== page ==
Citation: Robinson R (2006) A Smart Mutation Scheme Produces Hundreds of Functional Proteins. PLoS Biol 4(5): e136. doi:10.1371/journal.pbio.0040136
Published: April 11, 2006
Copyright: © 2006 Public Library of Science. This is an open-access article distributed under the terms of the Creative Commons Attribution License, which permits unrestricted use, distribution, and reproduction in any medium, provided the original author and source are credited.
A protein's structure dictates its function, and one of the most direct and powerful ways to explore a protein's function is by modifying its structure. Such an exploration is carried out naturally every time a protein's gene is mutated, and the same process can be mimicked in the lab. Unfortunately, approaches that introduce random mutations frequently disrupt the interactions that keep a protein properly folded, rendering the mutant entirely functionless and the experimental results largely uninformative about the contributions made by specific amino acids to overall function. In a new study, Christopher Otey, Frances Arnold, and colleagues use recombination guided by structural modeling to efficiently generate a family of thousands of properly folded mutants of a protein, and reveal previously unknown influences on the protein's function.
The authors studied versions of the protein cytochrome P450—a diverse protein family whose members govern a host of cell reactions, including detoxifying drugs and aiding construction of a wide variety of complex molecules. Each cytochrome P450 has nestled within it a heme group, a two-dimensional cage for an iron atom that is also found at the heart of hemoglobin. To generate the new cytochromes, they used a structural analysis tool called SCHEMA, which identifies how to divide multiple cytochromes into smaller “blocks.” Reassembling these blocks creates chimeras that have a good chance of being functional, but which, at the same time, have large numbers of mutations (up to 109) compared with the parent sequences. Otey et al. modeled the consequences of millions of such mutations, and chose a set of blocks that, according to the analysis, retained the greatest number of contacts between amino acids in the protein, reasoning that this would increase the likelihood of proper folding. Moving from computer to Petri dish, they then generated a set of over 6,000 new genes and expressed them in bacteria.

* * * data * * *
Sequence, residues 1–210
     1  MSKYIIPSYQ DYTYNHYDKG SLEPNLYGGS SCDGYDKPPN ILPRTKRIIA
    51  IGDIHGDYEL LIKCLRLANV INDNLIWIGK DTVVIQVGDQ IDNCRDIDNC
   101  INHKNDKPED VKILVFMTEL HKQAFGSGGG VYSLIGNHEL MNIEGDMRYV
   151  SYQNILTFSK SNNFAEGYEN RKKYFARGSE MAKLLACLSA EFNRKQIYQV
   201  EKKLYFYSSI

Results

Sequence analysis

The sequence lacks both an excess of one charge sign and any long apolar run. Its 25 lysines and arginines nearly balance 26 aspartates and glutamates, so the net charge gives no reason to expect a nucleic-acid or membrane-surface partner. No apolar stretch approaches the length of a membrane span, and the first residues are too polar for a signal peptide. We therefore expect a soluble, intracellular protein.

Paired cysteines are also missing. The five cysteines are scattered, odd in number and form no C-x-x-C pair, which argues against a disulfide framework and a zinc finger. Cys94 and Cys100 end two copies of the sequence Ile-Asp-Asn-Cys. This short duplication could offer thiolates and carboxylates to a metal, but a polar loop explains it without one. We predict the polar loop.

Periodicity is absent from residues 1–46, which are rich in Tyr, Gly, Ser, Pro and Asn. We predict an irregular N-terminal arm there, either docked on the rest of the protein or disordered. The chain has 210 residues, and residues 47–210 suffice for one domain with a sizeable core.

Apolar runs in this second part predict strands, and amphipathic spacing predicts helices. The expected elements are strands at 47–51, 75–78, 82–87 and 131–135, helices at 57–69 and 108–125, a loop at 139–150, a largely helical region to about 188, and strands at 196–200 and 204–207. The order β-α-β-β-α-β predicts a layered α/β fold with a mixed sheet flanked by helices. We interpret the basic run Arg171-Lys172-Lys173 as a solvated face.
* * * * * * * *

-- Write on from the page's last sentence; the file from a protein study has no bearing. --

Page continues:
From the bacterial colonies, each with a unique cytochrome P450, they randomly chose almost 1,000 for detailed analysis. In about half of these, the protein folded properly and bound its heme group, despite differing from the naturally occurring proteins at 70 out of about 460 amino acid positions on average. Of those that folded correctly, about three-quarters were also functionally intact, able to catalyze reactions similar to those of the native proteins. Detailed analysis revealed the contribution to catalytic activity of a previously unappreciated amino acid near the enzyme's active site. Some of the mutants were more resistant to heat degradation than the originals, indicating the potential for creating novel and possibly useful new variants using this method.
The mutation method used here increased the yield of properly folded cytochromes by 10,000-fold over entirely random mutation techniques, and in one fell swoop nearly doubled the number of extant functional cytochromes P450. The results of this study will be useful for further structural analysis of the cytochrome P450 family, and the SCHEMA method for generating structurally intact mutants is likely to be applied to other protein families as well, both to tease out their structural secrets and perhaps to generate proteins with new properties that could be exploited for commercial or medical applications.